Have you ever seen an actual potter throw clay on a wheel? If you haven’t, you should. Allow yourself a moment to enjoy the spectacle; Google it.
Did you do it? It is really an amazing scene to behold. I am impressed by how a cold lump of dirt in the right hands can be fashioned into something uniquely beautiful and well proportioned, or how the slightest calculation of the fingers immediately and drastically impacts the course of the clay. Perhaps this is why God commanded Jeremiah to go to a potter’s house to physically view the labor in action before making the proclamation, “Behold as the clay is in the potter’s hand, so are ye in mine hand” (Jeremiah 18:1-6). The visual is a strong portrayal of God’s perfecting on our life.
We are well acquainted with the spiritual applications at work here. There is great hope and promise to be found in the symbolism. What a comfort to know God is diligently at work shaping our lives every single day, gently, with love. His attention to detail is remarkable. Just like watching a potter, it is easy to admire the skill and care being applied. Yet, sometimes that perspective can become hard to find while spinning under the press of His hand.
As Jeremiah witnessed, God’s mold for our life is a process. He works and re-works it until His design is accomplished. As we undergo refinement, understanding where we came from can be a great encouragement when the turning of the wheel feels more like the Mad Hatter tea cup ride at Disney World. Take into account the following passage of scripture:
“And the chief priests took the silver pieces, and said, It is not lawful for to put them into the treasury, because it is the price of blood. And they took counsel, and bought with them the potter’s field, to bury strangers in. Wherefore that field was called, The field of blood, unto this day. Then was fulfilled that which was spoken by Jeremy the prophet, saying, And they took the thirty pieces of silver, the price of him that was valued, whom they of the children of Israel did value; And gave them for the potter’s field, as the Lord appointed me” (Matt. 27:6-10).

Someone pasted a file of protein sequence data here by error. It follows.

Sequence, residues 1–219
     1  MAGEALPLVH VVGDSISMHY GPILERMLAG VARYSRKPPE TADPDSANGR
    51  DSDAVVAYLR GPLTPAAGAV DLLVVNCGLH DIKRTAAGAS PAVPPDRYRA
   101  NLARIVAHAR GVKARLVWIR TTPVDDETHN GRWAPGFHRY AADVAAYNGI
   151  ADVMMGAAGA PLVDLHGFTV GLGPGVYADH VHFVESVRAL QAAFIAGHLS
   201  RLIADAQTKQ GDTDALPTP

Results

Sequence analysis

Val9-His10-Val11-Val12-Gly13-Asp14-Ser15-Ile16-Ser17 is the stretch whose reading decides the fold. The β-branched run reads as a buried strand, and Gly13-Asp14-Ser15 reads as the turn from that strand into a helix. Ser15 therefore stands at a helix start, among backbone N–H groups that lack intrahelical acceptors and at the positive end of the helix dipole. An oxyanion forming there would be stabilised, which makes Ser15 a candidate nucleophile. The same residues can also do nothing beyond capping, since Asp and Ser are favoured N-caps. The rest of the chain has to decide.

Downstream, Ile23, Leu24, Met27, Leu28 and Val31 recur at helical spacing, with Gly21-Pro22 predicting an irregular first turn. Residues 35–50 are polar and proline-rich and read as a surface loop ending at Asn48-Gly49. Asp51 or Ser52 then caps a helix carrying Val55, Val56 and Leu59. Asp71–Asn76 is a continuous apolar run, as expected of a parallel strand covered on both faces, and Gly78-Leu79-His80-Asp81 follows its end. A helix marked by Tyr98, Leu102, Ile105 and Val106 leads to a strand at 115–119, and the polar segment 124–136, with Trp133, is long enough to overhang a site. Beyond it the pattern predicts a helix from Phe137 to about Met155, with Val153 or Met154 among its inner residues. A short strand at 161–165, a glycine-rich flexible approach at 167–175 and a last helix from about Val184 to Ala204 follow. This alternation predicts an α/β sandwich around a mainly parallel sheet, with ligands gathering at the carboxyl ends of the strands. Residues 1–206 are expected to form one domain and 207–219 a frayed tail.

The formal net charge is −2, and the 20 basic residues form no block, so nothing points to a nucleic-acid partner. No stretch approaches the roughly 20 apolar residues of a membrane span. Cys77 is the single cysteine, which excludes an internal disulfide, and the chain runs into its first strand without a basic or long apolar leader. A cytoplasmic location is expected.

The context surrounds Judas Iscariot shortly after his betrayal of Christ. With Jesus now apprehended and condemned to death, Judas repents of his evil and returns his thirty pieces of silver before meeting his demise. Purchasing the potter’s field allowed the authorities to quietly dispatch of the bribe money spent to kill Jesus in a way where no one was likely to ask any questions. But the significance of these actions goes much deeper.
A potter’s field was where the potter would go to retrieve his clay. The clay soil it provided was unsuitable for growing crops or sustaining life, and so it consequently became the place where the outcast and unclaimed nobodies of life were buried. Aren’t those the very people Jesus is said to have died for in the first place? It was not coincidence that the blood of Jesus purchased that field that day. This apparent cover-up by the priests only further revealed the beauty of what God was about to accomplish thru His Son.
With humble consideration, we can see ourselves in this scenario, can’t we? The conditions of this field were once our spiritual reality. Our divine potter purchased us with the blood of His Son so He could pluck us from our dreadful resting place to form us and fill us with his purpose, glory, and love.
I don’t know the vessel God is developing you to be today. I don’t know how many more times He will break you down and reshape you or how many edges still need to be smoothed out. But I do know this: You and I are not where we once were. Today we are found in the Potter’s house, praise God!
Let that joy help in your surrender to God’s perfecting, knowing each turn of the wheel draws us closer to becoming a new creation in Christ, “Therefore if any man be in Christ, he is a new creature: old things are passed away; behold, all things are become new” (2 Corinthians 5:17).
This article has undergone ministry review and approval.